Some new meditators must be wondering, ‘Where should the tongue be during meditation?’ Should it just stick to the top of your mouth? Move with the breath? Or sit still somewhere? As I sat here an hour ago or so, I realized that usually, I don’t tell new meditators who read my books what exactly to do with the tongue, so here it is.
I was just sitting here on the floor for a few minutes. I’ve been getting the feeling to sit in silent meditation for a little while now. I’ve been doing it off and on and being mindful sometimes throughout the day.
I hadn’t really thought about this question before now – but, now that it presented itself – I’ll see what I can say about it.
The tongue, during meditation, seems to stick at the roof of my mouth. I guess that’s the natural resting place of it. If your tongue naturally rests some other way – I think it is better to go with the way your tongue is naturally relaxed and doesn’t cause you to think about it. Now, please read on because the entire tongue from the front to the back isn’t sticking to the roof of my mouth as I meditate. That feels forced and uncomfortable.
I realized that the tip of my tongue is resting just behind my two big front top teeth. My tongue actually seems to be slightly between my upper and lower teeth. I’m not biting it – it isn’t that far between, but only a couple of millimeters. Now, do all tongues rest like this? I couldn’t tell you whether that is true, but mine seems to. Other times I when I meditate, my teeth are closed and the tongue just rests on the back of the front teeth where they meet, but more of the tongue is against the top front teeth.
So, I have no idea what your tongue is doing during meditation, but if it’s as relaxed as possible, that’s best. It doesn’t matter too much, but your mouth (lips) should probably be closed. Ideally, you’re breathing through your nose easily and without effort to hold your mouth closed. Your lips should be together so your mouth doesn’t dry out.
Make sure your jaw is totally relaxed too.
The main idea is that your tongue shouldn’t be a problem. It shouldn’t be something you’re thinking about. It shouldn’t be an issue. It should be still and in a place that doesn’t cause movement, dryness, tenseness, pain, or really anything. It should be silent and invisible if that makes any sense!
Ideally you’re breathing through your nose, but there are times when you may have a sinus issue and the air doesn’t flow smoothly. You can still meditate by breathing through your mouth, but it isn’t ideal. You’ll need to find a place in the mouth (lips or tongue) where you feel the breath entering and exiting. It’s much more difficult to find this spot and pay attention to it versus the nose or upper lip.
In meditation, a really good guide for how to get ready for it is that your entire body, every part of your body, should be comfortable and not causing your mind to think about it. It should be invisible to the mind so you can more easily focus on the breath at the nose. Eliminating all distractions is of course, impossible. You should definitely try to eliminate all distractions that you can, whether that is your tongue, your sitting position, the cold air conditioning blowing directly on you, or a hundred other things that may be distracting to you as you try to meditate.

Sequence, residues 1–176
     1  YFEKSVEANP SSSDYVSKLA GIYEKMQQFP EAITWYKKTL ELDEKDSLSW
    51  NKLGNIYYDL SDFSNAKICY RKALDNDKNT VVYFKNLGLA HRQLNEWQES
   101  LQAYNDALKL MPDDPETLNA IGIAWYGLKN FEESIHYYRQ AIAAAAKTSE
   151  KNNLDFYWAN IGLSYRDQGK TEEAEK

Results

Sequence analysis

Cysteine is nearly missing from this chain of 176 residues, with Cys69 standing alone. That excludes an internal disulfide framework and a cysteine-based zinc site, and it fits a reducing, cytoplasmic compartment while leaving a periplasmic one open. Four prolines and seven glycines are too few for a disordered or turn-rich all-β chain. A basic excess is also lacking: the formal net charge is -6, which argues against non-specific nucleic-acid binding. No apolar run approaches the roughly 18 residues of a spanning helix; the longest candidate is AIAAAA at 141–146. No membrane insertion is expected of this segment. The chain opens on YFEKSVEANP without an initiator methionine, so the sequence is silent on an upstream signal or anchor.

That’s about it. Don’t copy my tongue position if the one you have is working for you. I just thought I’d comment on the topic since I don’t think I have done so on this blog or in person in years.
“Meditation for Beginners – a 22 Day Course” my little ebook, gives you the basics on meditation… You can find it here.
This is part of a collection of Meditation Tips. Here are more >
[Photo credit of monkey – masashi mochida at Flickr.com Featured image credit: ©Vern Lovic]
4 thoughts on “Where Should the Tongue Be During Meditation? (seriously!)”
What type of monkey is that in the picture?
Thanks for this simple but perfectly relevant post. I remember having this very issue back when I started meditating, it happened around the time when thoughts had began to quieten down a lot and I believe it arose due to the curiosity of my mind to seek out some form of distraction. I had never really paid attention to where my tongue sat before this happened, but once I did I couldn’t stop infatuating over whether it was in the right place. If I put it to the top of my mouth there was too much tension, at the bottom it would encourage saliva production which meant I had to keep swallowing. When it was at the teeth all I could think of was the jagged edges of my teeth sticking in to it because I have some slightly buckled teeth. This then led to an obsession about having to go to the dentist to get my teeth straightened or I may never be able to meditate properly! As ridiculous as it sounds this problem hindered my progress for some time. Then one day I just went to sit and completely forgot about it. From the minute I sat my mind and body were relaxed, breathing was really settled and I got so absorbed in the equanimity that I didn’t think to pay any attention to that old tongue of mine. You just have to let go and not make an issue of these things because they lead to doubt about the practice. It did make me laugh a few months later though when listening to a Dhamma talk. The teacher ended with a Q&A session and somebody asked what to do with their tongue. He seemed surprised to be asked this, but his answer was much the same, put it where it feels most comfortable and natural and pay it no heed. I can also concur with the writer that my tongue sits in the very same place as his while meditating. Great picture by the way, hehe 🙂
It’s funny all the questions that can pop up. But, it’s relevant!
Ive had the exact experience. …